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I found this code sample that builds a dictionary from two fields; the end result is a concatenation of all values per key to a new field. It's a great tool except that it doesn't account for duplicate values for each key. I've tried to modify the code to check for the value in the dictionary and if it it's not there to add it with the first dictionary[id] = value statement, but it still retains the duplicates. When I perfom the same check with the second dictionary[id] = value statement, it only ends up writing the last value if finds to the field. What am I missing? I'm also not sure of what the purpose is of the "A"s in the SearchCursor parameters.The portion of the code I need to change is below:

# Insert Search cursor on a feature class or table to iterate through row objects and extract field values.
# Sort values of a Search Cursor based on the CaseField and ReadFromField in ascending order.
# Define what will happen once the curser moves through each row.
# While it is in each row it will get the value of CaseField field that you are using as id to iterate.
# While it is in row it will also get the value of the ReadFromField field that you want to concatenate.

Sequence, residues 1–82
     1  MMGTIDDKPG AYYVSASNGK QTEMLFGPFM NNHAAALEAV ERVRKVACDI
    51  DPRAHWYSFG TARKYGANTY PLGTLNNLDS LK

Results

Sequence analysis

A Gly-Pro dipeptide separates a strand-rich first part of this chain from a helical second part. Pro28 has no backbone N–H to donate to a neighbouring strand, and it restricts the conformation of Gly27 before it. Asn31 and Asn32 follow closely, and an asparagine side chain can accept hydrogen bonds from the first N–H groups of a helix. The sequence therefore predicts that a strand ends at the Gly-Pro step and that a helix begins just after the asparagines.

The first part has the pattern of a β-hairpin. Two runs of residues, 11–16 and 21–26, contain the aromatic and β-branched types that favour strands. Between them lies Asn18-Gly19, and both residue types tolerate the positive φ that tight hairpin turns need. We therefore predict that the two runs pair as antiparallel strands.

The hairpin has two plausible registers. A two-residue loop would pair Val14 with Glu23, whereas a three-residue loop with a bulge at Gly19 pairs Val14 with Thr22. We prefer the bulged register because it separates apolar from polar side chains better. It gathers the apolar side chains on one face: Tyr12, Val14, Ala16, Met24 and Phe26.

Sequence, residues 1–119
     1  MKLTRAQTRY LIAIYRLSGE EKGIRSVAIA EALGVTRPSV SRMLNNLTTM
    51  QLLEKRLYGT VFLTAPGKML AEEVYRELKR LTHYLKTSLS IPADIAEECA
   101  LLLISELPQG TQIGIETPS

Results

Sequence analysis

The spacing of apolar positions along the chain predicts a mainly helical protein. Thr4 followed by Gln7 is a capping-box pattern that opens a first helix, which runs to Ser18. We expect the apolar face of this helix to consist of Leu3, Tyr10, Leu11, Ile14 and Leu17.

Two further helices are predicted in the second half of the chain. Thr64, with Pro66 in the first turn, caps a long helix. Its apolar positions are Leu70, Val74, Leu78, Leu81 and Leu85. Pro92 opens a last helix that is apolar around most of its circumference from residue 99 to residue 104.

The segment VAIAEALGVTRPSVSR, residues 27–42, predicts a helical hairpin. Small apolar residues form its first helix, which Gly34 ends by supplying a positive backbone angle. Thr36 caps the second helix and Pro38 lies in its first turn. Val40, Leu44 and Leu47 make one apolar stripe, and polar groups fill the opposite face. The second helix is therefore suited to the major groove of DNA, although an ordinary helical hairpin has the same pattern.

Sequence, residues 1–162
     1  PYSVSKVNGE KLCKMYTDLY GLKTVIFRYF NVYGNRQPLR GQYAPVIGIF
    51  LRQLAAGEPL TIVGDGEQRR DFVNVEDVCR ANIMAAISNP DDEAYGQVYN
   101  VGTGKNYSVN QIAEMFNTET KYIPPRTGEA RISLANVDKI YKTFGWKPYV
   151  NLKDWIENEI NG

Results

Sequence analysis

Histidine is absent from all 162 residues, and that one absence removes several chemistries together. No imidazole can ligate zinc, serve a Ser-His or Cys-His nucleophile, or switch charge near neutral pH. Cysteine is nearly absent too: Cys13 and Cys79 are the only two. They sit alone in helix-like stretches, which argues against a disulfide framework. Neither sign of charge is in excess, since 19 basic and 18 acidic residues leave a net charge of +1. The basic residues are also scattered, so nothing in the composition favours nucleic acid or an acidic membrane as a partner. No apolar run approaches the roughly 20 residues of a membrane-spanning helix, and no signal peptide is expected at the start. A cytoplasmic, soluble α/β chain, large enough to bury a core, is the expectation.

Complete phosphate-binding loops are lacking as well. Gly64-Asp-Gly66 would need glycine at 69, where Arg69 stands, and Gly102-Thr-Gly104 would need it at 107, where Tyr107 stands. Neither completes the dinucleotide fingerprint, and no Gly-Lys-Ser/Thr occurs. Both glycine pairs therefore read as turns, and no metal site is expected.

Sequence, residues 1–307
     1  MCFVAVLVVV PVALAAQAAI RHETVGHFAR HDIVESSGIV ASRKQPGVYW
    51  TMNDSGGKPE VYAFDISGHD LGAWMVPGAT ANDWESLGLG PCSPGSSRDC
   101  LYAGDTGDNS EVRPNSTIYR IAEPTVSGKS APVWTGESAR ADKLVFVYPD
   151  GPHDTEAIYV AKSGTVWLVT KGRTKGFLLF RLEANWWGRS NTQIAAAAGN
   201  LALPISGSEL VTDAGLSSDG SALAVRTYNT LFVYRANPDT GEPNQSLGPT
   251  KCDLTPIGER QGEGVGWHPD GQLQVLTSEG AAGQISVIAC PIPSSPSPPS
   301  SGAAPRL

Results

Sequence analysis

# Set the value of the dictionary to the values read by the cursor from the ReadFromField.
# Set an if condition for what should the cursor do when it reads through fields with same ID or the CaseField value.
# In if condition set the new value to last value of the ReadFromField + the defined delimiter + the new value that is read.
# Again set the dictionary value to this new value.
# Set the loop to have the lastid to the id that you got from getValue before it goes through the seconnd loop and so on...
# Set the loops last value variable to the last value that was read such that it starts with that last value for the second loop and so on...

cur1 = arcpy.SearchCursor(InputTable, "", "", "", CaseField +" A;" + ReadFromField +" A")

    for row in cur1:
        id = row.getValue(CaseField)
        #if value not in dictionary:  
        value = row.getValue(ReadFromField)
        dictionary[id] = value
        if id == lastid:
            value = str(lastvalue) + Delimiter + str(value)
            #if value not in dictionary:
            dictionary[id] = value
        lastid = id
        lastvalue = value

UPDATE: I tried to implement the defaultdict solution, but got an error when trying to update the field with the conctenated values. Here's the updated code, and the error I got is below that:

# Insert Search cursor on a feature class or table to iterate through row objects and extract field values.
# Sort values of a Search Cursor based on the CaseField and ReadFromField in ascending order.
# Define what will happen once the curser moves through each row.
# While it is in each row it will get the value of CaseField field that you are using as id to iterate.
# While it is in row it will also get the value of the ReadFromField field that you want to concatenate.
# Set the value of the dictionary to the values read by the cursor from the ReadFromField.
# Set an if condition for what should the cursor do when it reads through fields with same ID or the CaseField value.